Searsmont students are ending their school year with a visit steeped in Searsmont history.
Ames Elementary School third graders are donating their hard work to the town. It was a project about a historical member of their community.
At 16 years old, Josephine Knight was a teacher.
She kept a diary from 1885 to 1888. It was handed down through generations in her family until in landed in the hands of Amy Robbins-Wilson.
Knight was her first cousin, three times removed. Robbins-Wilson transcribed the diary and it was published.
She approached her son’s teacher about using it as a learning resource for the students.
“So, we found all these different things that the kids really would be interested in and they decided which entries other children would find interesting,” sait their teacher, Karen Craig-Foley.
Over several months, students researched and illustrated events from the diary.
“They really made a connection to Josephine and the book. It was a fabulous experience for me and I know it was a good one for them,” said Craig-Foley.
Even at such a young age, Clayton Wilson sees the value in his mom’s work. He’s the tenth generation in his family.
“I would personally think that every person that comes behind us would be able to read this book and learn a little bit about history,” said Wilson.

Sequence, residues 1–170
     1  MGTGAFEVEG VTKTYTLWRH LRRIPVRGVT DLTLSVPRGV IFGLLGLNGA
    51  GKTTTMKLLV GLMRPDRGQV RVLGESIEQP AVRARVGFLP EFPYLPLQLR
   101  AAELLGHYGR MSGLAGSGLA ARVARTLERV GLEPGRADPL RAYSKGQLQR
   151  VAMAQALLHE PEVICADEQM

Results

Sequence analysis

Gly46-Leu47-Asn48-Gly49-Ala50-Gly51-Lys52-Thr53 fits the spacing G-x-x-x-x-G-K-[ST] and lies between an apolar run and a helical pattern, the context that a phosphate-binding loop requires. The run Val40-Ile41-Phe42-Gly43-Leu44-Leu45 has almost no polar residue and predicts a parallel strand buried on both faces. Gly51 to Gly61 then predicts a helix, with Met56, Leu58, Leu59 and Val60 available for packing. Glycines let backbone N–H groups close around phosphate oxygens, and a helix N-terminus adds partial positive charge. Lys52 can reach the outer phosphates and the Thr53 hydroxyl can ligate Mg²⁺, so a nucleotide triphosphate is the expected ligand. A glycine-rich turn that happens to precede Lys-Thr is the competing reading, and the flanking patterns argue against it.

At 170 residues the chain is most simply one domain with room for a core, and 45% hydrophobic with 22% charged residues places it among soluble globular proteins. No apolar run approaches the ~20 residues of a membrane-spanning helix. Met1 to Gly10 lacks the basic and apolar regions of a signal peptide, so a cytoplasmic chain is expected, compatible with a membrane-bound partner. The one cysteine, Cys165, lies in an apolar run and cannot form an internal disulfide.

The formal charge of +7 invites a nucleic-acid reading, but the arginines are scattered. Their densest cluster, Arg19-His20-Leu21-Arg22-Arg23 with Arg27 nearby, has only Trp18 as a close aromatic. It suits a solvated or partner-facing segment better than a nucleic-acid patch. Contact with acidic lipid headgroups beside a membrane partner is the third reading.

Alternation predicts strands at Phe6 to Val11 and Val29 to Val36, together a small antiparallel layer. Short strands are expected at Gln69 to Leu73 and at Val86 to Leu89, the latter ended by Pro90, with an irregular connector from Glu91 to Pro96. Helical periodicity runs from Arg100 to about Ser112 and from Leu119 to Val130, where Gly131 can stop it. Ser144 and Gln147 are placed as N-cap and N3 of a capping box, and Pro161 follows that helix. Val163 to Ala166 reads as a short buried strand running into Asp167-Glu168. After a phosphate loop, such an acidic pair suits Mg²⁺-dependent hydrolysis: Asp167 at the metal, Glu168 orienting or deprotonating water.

“Who would have thought that an eight-year-old, or a nine-year-old, would be that interested in a diary from the 1800’s? But, because of all that they’ve learned at school, they really are genuinely interested in seeking out new knowledge,” said Robbins-Wilson.
“It was really exciting to have the honor to make a book and publish it,” said Erin Fuller, one of the students.
Now, Josephine Knight’s recollection of Searsmont will be remembered for years to come thanks to the young minds, because two copies of their illustrated book will be kept at the library and historical society.
Thridwas a remarkable woman that supplied a lot of entertainment for the town back in the old days. She put on plays, she put on dances. That’s the whole idea. Preserving the present for the future,” said Norman Withee, the curator for the historical society.